Hydrogen-rich water and ascorbic acid for hypertensionScientific Research

original title: Effects of hydrogen-rich water and ascorbic acid treatment on spontaneously hypertensive rats


Kohei Kawakami, Hiroyuki Matsuo, Takaya Yamada, Ken Matsumoto, Daigoro Sasaki, Masato Nomura

DOI: 10.1538/expanim.21-0187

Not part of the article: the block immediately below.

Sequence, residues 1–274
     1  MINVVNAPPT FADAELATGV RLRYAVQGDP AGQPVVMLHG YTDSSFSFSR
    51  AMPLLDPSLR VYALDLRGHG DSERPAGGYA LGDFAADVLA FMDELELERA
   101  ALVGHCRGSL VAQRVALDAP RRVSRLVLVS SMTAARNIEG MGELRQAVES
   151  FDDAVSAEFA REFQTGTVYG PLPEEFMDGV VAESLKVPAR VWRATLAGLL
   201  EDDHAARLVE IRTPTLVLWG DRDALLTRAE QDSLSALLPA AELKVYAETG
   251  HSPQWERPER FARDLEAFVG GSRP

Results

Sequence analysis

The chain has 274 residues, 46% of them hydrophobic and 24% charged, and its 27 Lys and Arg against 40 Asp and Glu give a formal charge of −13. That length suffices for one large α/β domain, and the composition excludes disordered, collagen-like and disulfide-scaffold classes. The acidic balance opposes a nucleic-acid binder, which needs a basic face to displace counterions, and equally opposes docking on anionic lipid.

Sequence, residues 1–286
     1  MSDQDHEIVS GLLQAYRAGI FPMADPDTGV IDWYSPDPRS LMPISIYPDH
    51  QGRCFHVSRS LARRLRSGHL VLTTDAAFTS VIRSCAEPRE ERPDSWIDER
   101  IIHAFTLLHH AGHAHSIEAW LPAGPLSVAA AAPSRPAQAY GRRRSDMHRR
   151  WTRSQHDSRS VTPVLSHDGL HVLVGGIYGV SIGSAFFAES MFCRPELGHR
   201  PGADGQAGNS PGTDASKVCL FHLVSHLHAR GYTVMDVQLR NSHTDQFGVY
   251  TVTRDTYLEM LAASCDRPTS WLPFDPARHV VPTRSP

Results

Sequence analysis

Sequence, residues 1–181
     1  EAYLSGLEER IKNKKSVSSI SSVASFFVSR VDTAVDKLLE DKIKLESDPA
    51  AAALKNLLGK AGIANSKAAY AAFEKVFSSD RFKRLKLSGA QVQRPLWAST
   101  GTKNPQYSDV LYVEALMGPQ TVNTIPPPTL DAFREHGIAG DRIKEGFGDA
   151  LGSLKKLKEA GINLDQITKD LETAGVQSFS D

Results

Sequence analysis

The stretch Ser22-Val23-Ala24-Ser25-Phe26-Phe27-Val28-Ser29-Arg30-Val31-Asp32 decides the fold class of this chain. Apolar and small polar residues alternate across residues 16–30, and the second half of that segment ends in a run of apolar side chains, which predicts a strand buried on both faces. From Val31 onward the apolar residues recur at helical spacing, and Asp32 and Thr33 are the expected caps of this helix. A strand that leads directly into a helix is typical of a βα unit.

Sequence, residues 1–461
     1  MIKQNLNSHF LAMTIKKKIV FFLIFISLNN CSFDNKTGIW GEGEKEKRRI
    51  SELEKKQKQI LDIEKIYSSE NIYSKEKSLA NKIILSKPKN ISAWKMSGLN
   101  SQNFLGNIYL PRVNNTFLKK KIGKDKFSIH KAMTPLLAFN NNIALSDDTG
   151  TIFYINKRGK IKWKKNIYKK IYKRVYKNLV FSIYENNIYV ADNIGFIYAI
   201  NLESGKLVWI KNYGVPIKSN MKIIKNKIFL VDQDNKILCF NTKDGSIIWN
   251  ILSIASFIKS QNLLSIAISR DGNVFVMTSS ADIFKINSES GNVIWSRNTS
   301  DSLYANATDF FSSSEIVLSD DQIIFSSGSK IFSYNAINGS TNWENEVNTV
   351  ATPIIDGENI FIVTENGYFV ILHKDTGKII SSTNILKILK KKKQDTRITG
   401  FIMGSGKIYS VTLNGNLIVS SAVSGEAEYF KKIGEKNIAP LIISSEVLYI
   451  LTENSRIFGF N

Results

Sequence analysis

Hydrogen-rich water (HW) has been suggested to possess antioxidant properties of value in treatments of lifestyle diseases and for prevention of latent pathologies. To date, the potential benefits of HW against the deleterious effects of excessive salt intake and hypertension have not been investigated. Here, we first examined the effects of HW or HW supplemented with 0.1% ascorbic acid (HWA) on spontaneously hypertensive rats (SHR) that had been fed a normal diet. In comparison to control rats given distilled water (DW), we found that HW did not significantly influence systolic blood pressure (SBP) or diastolic blood pressure (DBP) in SHR; however, the increase in SBP and DBP were inhibited in the HWA group. Next, four groups of SHR were given DW, 0.1% ascorbic acid-added DW (DWA), HW, or HWA in combination with a 4% NaCl-added diet. SHR fed the 4% NaCl-added diet showed increased hypertension; HWA treatment resulted in a significant reduction in blood pressure. The HWA group tended to have lower plasma angiotensin II levels than the DW group. In addition, urinary volumes and urinary sodium levels were significantly lower in the HWA group than the DW group. Urinary isoprostane, an oxidative stress marker, was also significantly lower in the HWA group, suggesting that the inhibitory effect of HWA on blood pressure elevation was caused by a reduction in oxidative stress. These findings suggest a synergistic interaction between HW and ascorbic acid, and also suggest that HWA ingestion has potential for prevention of hypertension.